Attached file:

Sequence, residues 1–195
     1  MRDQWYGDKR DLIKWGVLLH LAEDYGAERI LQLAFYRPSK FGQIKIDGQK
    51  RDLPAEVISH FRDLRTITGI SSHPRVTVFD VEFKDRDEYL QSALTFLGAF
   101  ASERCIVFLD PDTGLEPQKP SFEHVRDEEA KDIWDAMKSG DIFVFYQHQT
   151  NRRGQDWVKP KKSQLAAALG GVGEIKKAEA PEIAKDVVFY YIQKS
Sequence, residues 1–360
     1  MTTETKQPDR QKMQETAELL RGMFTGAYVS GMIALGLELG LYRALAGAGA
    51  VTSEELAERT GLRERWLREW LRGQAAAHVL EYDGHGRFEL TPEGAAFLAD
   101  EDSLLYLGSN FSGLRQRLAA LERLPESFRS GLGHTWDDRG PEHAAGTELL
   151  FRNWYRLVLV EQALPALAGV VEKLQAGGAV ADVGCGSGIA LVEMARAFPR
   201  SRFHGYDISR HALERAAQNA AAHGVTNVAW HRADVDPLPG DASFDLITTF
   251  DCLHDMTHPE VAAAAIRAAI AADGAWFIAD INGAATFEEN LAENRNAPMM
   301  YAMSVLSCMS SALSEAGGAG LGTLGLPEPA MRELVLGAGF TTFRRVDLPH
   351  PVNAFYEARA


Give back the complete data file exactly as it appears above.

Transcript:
Sequence, residues 1–195
     1  MRDQWYGDKR DLIKWGVLLH LAEDYGAERI LQLAFYRPSK FGQIKIDGQK
    51  RDLPAEVISH FRDLRTITGI SSHPRVTVFD VEFKDRDEYL QSALTFLGAF
   101  ASERCIVFLD PDTGLEPQKP SFEHVRDEEA KDIWDAMKSG DIFVFYQHQT
   151  NRRGQDWVKP KKSQLAAALG GVGEIKKAEA PEIAKDVVFY YIQKS
Sequence, residues 1–360
     1  MTTETKQPDR QKMQETAELL RGMFTGAYVS GMIALGLELG LYRALAGAGA
    51  VTSEELAERT GLRERWLREW LRGQAAAHVL EYDGHGRFEL TPEGAAFLAD
   101  EDSLLYLGSN FSGLRQRLAA LERLPESFRS GLGHTWDDRG PEHAAGTELL
   151  FRNWYRLVLV EQALPALAGV VEKLQAGGAV ADVGCGSGIA LVEMARAFPR
   201  SRFHGYDISR HALERAAQNA AAHGVTNVAW HRADVDPLPG DASFDLITTF
   251  DCLHDMTHPE VAAAAIRAAI AADGAWFIAD INGAATFEEN LAENRNAPMM
   301  YAMSVLSCMS SALSEAGGAG LGTLGLPEPA MRELVLGAGF TTFRRVDLPH
   351  PVNAFYEARA